A review of the controversial Working Time Directive has been in the pipeline for a number of years. The second stage consultation paper, recently launched, seeks the views of the social partners on two alternative approaches to revamping the Directive. The approach will either be based on a narrow or a broader scope for review.
If a narrow approach is chosen, then the review of the Directive will be limited to:
- Issues surrounding the definition of "on-call time". This issue has proved problematic in the context of the provision of on-call medical services and the financial implications of this. The CJEU previously ruled that time spent at the workplace and on the premises of the employer (even while asleep in a bed provided by the employer, as in the case of an on-call doctor,) constituted working time*. Among the proposals has been a suggestion to split on-call time into active and inactive on-call time. The ultimate goal however will be to relax the rules around what is "on call time".
- A review of compensatory rest for missed breaks and the fact that Member States have a significant degree of flexibility surrounding this provision.
If the outcome of the consultation paper is such that a wider review is demanded, then other issues such as the following will be looked at:
- Tackling excessive working hours with a view to achieving a better reconciliation of work and family life.
- The issue of paid annual leave could be reviewed. This would be good news for employers in light of the adverse impact of the decision in the conjoined cases of Schultz Hoff and Stringer which found that employees can accrue annual leave while sick even during long term sick leave. Reviewing this aspect of the Directive would perhaps allow a means whereby a cap might be imposed on the number of weeks annual leave entitlement which a worker can accrue while on sick leave. This would reduce the current cost implications for the employer as a result of complying with the Stringer decision.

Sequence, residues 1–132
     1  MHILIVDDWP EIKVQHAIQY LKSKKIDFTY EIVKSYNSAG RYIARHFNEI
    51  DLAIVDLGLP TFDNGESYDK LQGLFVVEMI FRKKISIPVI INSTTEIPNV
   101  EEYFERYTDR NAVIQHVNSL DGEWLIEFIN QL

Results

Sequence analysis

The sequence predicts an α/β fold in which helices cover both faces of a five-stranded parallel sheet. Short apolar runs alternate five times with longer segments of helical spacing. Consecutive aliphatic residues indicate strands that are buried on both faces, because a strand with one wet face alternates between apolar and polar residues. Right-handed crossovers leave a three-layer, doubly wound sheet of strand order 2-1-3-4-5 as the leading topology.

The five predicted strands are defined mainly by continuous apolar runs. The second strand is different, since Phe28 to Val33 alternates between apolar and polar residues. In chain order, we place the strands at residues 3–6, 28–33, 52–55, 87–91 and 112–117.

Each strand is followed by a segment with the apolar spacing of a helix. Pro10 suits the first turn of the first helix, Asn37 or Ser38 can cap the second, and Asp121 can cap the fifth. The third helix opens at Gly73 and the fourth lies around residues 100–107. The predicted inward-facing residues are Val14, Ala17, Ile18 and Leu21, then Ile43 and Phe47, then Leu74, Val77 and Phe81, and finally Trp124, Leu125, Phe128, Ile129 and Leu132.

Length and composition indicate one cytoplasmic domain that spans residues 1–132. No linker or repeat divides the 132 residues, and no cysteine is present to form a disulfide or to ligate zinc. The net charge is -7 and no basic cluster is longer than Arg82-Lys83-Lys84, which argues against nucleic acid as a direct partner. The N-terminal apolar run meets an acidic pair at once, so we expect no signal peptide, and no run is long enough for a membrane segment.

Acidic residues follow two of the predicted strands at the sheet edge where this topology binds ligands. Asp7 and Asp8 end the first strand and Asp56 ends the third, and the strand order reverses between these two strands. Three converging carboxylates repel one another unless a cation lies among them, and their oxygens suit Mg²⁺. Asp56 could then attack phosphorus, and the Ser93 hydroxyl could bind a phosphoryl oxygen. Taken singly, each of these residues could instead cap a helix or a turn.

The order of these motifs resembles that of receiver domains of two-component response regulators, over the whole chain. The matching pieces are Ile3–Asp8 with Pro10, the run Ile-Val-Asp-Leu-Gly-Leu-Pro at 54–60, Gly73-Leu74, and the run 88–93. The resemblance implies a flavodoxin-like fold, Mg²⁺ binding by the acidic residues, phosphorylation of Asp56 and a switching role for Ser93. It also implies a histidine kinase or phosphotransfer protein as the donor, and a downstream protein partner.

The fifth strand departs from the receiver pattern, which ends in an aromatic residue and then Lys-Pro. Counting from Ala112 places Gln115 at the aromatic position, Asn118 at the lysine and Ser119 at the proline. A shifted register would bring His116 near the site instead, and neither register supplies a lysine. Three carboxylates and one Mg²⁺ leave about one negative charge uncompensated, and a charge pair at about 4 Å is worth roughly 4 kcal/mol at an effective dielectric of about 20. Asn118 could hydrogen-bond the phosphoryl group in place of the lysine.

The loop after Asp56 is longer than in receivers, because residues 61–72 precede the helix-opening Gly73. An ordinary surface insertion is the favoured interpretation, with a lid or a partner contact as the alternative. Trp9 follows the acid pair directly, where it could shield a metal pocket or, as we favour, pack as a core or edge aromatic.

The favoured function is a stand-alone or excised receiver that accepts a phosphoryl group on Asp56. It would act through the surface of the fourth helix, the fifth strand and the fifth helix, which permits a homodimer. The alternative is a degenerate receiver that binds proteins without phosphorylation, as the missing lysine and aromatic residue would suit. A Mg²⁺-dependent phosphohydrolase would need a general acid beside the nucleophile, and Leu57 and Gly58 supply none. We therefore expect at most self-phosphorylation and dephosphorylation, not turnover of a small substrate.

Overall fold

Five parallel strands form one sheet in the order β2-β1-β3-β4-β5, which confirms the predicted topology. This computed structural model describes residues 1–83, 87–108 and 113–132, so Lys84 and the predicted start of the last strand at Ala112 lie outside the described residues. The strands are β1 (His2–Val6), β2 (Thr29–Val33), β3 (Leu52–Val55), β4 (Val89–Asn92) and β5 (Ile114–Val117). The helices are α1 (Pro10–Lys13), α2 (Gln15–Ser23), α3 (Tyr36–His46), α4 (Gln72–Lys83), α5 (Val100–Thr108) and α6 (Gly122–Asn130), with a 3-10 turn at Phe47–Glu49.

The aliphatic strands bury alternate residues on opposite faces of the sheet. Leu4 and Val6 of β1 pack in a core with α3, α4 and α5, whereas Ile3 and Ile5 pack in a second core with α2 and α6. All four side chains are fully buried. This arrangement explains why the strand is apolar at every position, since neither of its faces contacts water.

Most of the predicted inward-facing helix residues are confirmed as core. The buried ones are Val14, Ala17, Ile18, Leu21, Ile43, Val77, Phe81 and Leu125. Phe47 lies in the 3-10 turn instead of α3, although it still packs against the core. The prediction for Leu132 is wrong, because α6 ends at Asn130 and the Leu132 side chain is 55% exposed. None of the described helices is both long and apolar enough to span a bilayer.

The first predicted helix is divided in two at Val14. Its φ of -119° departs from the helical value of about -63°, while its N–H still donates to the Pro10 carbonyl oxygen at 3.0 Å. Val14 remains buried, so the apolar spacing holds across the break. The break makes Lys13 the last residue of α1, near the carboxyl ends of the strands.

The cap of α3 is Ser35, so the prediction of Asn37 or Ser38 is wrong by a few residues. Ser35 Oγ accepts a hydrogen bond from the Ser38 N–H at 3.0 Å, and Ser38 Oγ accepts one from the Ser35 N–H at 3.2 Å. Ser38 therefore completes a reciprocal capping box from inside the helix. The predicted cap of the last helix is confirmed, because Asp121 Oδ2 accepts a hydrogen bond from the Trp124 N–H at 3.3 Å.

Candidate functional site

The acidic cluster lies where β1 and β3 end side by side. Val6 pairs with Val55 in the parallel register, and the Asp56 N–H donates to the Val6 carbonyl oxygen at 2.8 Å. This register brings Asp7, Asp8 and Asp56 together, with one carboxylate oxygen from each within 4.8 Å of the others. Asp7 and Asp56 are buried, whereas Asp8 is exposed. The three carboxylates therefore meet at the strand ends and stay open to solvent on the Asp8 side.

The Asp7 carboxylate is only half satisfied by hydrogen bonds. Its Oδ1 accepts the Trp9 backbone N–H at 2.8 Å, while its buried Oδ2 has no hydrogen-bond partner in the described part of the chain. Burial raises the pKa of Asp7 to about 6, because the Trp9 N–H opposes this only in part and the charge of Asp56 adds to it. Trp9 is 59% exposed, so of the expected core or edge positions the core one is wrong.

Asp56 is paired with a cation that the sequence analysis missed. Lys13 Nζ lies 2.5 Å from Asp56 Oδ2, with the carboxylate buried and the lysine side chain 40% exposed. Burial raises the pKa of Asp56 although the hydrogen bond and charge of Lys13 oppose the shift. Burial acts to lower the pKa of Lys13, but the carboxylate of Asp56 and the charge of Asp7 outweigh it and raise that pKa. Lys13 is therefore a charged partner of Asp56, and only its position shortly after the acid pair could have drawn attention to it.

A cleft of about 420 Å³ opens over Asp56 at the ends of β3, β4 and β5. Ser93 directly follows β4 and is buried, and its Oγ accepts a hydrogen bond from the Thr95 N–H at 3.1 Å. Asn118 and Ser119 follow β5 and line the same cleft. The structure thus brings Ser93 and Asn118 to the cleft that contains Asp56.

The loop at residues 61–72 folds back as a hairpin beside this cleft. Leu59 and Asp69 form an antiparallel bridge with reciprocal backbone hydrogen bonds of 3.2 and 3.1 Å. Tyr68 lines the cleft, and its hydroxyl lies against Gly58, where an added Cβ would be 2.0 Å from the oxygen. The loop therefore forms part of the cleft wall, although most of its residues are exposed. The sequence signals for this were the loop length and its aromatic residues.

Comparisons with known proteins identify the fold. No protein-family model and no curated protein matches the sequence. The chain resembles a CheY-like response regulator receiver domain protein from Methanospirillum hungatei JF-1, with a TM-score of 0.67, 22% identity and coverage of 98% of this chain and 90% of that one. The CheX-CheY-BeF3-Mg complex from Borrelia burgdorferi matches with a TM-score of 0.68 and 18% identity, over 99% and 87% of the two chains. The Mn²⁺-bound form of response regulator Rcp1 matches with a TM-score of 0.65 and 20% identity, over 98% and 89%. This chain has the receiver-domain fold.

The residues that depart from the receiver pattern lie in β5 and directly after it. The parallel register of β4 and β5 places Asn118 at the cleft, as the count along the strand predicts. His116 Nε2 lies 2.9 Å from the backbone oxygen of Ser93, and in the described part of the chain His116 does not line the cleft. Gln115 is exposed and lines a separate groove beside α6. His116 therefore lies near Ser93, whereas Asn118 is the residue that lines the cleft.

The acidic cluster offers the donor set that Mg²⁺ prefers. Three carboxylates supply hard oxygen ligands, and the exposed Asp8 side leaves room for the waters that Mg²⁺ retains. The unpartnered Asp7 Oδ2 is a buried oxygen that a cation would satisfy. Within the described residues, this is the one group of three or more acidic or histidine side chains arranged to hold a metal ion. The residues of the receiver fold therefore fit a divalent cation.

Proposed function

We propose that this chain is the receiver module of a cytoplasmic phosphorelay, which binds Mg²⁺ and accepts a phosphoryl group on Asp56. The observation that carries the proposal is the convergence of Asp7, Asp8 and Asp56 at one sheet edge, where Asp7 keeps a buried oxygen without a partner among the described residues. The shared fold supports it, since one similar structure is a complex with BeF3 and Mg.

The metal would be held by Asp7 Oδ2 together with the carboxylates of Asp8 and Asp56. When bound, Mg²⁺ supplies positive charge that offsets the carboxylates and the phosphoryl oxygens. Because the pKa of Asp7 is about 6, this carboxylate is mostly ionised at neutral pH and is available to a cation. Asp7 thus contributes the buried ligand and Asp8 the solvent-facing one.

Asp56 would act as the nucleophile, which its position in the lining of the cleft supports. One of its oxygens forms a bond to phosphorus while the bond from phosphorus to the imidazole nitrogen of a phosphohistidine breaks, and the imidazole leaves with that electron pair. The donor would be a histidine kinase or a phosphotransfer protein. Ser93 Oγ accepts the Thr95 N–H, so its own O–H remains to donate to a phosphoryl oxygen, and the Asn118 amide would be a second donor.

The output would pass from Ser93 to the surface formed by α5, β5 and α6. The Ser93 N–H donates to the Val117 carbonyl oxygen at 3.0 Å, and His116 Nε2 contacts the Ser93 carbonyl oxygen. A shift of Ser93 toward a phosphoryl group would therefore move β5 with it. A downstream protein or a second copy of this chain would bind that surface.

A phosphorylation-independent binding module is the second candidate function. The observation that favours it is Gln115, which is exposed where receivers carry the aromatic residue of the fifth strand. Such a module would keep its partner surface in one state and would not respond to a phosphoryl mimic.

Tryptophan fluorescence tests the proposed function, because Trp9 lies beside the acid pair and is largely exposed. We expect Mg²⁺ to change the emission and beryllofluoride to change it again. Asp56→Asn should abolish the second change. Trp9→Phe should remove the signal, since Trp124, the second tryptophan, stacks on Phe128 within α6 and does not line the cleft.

- The issue of the opt out, as a number of Member States have opted out of some or all of the Directive's limitations on working hours.
Submissions on the second phase consultation are invited by 28 February next. Based on the replies received, the Commission will then prepare a legislative proposal to amend the Directive. Any legislative proposal would then need to be considered and agreed by the Council and Parliament.
This is not the first time that an attempt has been made to review and amend the Working Time Directive. In 2004 the process commenced but was abandoned as the EU Council of Ministers and Parliament could not reach agreement on the proposals given the difficult and contentious questions surrounding on-call time, what flexibility should apply to the timing of minimum rest periods and how to review the individual opt out from the 48 hour limit to the average working week.
The current consultation phase represents a renewed attempt to clarify these issues as a general consensus emerged that an overhaul of the Working Time Directive was needed. In order to achieve this overall objective however, a balance will have to be struck between the needs of employees who are seeking greater legal protection and employers who are striving for greater flexibility in the operation of the Working Time provisions.
* Landeshauptstadt Kiel v Jaeger  IRLR 804